2. Article 122(1) EPC, in effect makes it a condition for re-establishment of rights that the person applying for re-establishment shows that "all due care required by the circumstances" was taken. The appellant's representative submits that the posting of the voucher and cheque for the appeal fee to the appellant was clearly inadvertent and that the mistake was not one of a kind that had previously occurred. That it was an inadvertent mistake can be considered to be self-evident and the Board is prepared to accept the representative's statement that a mistake of this kind had not previously occurred. Since the responsibility for despatching the representative's mail was that of his secretary, the Board has normally to consider whether the employee concerned was carefully chosen, properly instructed and reasonably supervised (cf. Decisions of the Board J 05/80 dated 7 July 1981 in OJ EPO 1981, 173 and J 16/82 dated 2 March 1983, in OJ EPO 1983, 262). However, in the present case, since the inadvertent mistake is one that could be made once by a secretary fulfilling all those requirements, there is no need to question these matters in the absence of any evidence of general carelessness on her part. In all the circumstances, the Board is prepared to consider that the requisite standard of care has been established.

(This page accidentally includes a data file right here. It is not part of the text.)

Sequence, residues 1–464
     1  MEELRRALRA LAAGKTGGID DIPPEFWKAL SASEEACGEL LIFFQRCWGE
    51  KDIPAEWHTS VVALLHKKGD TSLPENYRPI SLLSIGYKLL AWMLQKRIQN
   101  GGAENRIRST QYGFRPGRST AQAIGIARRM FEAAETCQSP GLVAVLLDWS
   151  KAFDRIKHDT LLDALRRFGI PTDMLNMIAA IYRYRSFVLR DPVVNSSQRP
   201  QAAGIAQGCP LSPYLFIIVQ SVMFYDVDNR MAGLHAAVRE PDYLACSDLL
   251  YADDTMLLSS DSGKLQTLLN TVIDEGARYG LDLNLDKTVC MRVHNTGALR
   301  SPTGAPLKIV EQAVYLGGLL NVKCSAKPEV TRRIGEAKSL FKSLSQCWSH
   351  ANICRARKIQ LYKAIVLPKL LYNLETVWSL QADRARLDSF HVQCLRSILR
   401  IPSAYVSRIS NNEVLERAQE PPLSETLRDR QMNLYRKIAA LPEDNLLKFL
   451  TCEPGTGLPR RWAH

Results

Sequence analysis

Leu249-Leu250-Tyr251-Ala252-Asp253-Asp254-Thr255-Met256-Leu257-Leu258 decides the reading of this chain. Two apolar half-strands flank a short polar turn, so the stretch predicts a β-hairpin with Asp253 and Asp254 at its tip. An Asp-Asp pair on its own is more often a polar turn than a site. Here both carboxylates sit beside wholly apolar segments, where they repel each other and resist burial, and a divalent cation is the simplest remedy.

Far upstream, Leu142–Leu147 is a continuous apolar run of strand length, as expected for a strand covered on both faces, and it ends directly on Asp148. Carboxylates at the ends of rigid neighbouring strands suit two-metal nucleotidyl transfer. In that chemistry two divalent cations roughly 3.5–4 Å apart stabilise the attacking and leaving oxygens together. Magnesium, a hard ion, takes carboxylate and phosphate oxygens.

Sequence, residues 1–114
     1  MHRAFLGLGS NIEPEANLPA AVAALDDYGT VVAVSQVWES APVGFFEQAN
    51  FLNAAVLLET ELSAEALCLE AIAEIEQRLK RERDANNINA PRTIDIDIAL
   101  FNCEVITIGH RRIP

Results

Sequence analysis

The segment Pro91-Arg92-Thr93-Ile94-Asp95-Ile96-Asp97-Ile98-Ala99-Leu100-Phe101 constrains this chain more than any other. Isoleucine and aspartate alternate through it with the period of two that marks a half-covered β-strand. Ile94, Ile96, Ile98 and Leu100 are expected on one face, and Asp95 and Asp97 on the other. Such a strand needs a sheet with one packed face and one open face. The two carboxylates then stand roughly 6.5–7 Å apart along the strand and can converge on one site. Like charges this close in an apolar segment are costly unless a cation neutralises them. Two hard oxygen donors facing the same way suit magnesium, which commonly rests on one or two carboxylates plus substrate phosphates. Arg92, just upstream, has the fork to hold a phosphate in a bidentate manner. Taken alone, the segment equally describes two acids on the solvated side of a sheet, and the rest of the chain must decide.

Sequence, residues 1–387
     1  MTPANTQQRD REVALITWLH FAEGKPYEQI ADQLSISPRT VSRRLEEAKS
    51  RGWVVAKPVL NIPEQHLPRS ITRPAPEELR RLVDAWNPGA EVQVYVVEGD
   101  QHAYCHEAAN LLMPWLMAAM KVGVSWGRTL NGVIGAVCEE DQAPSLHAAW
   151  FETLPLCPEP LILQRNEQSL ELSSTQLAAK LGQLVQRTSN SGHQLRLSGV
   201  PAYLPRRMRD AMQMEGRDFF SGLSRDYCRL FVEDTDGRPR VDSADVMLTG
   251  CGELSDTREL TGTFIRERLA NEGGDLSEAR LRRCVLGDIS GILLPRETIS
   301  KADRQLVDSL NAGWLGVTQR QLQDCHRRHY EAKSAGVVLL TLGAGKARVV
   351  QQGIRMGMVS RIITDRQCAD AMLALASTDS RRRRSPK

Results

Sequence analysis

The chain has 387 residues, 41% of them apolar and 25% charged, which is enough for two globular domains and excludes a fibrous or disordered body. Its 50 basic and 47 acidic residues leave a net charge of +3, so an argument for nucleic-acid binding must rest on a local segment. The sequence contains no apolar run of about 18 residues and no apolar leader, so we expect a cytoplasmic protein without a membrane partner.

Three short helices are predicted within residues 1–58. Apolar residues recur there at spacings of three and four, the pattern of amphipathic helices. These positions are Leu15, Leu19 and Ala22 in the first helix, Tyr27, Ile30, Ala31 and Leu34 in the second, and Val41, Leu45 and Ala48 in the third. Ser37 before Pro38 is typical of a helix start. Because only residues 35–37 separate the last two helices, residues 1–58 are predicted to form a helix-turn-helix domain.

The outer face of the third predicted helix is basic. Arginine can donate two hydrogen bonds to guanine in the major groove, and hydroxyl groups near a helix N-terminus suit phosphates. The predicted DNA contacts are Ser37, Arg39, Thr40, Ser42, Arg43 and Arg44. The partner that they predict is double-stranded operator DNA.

3. Since all the other requirements of Articles 106 to 108 and Rule 64 EPC have been fulfilled, the Board considers the appeal to be admissible.
4. It is clear from the file of the case that the appellant is correct to contend that the decision to refuse the European patent application was taken on a text which was neither that submitted to the EPO nor agreed by the applicant for the patent.
At the time when the decision to refuse was taken, the disapproval communicated by the letter of 17 October 1983 was still effective.
The amendments made by the Examining Division to the text submitted with the letter of 17 October 1983 were more than simple, non-controversial, corrections of obvious Clerical errors. Accordingly, the express consent of the applicant, through its representative, was necessary before they could be regarded as agreed.
5. It follows that the decision under appeal must be set aside as it was not taken in accordance with Article 113(2) EPC. This was inter alia a substantial procedural violation which justifies reimbursement of the appeal fee.
For these reasons, it is ordered that:
1. The appellant is re-established in its rights and the appeal is deemed to have been filed and the appeal fee to have been paid in due time.
2. The decision to refuse the European patent application dated 3 May 1984 is set aside.
3. The appeal fee shall be reimbursed to the appellant
4. The European patent application is remitted to the Examining Division for examination to be resumed.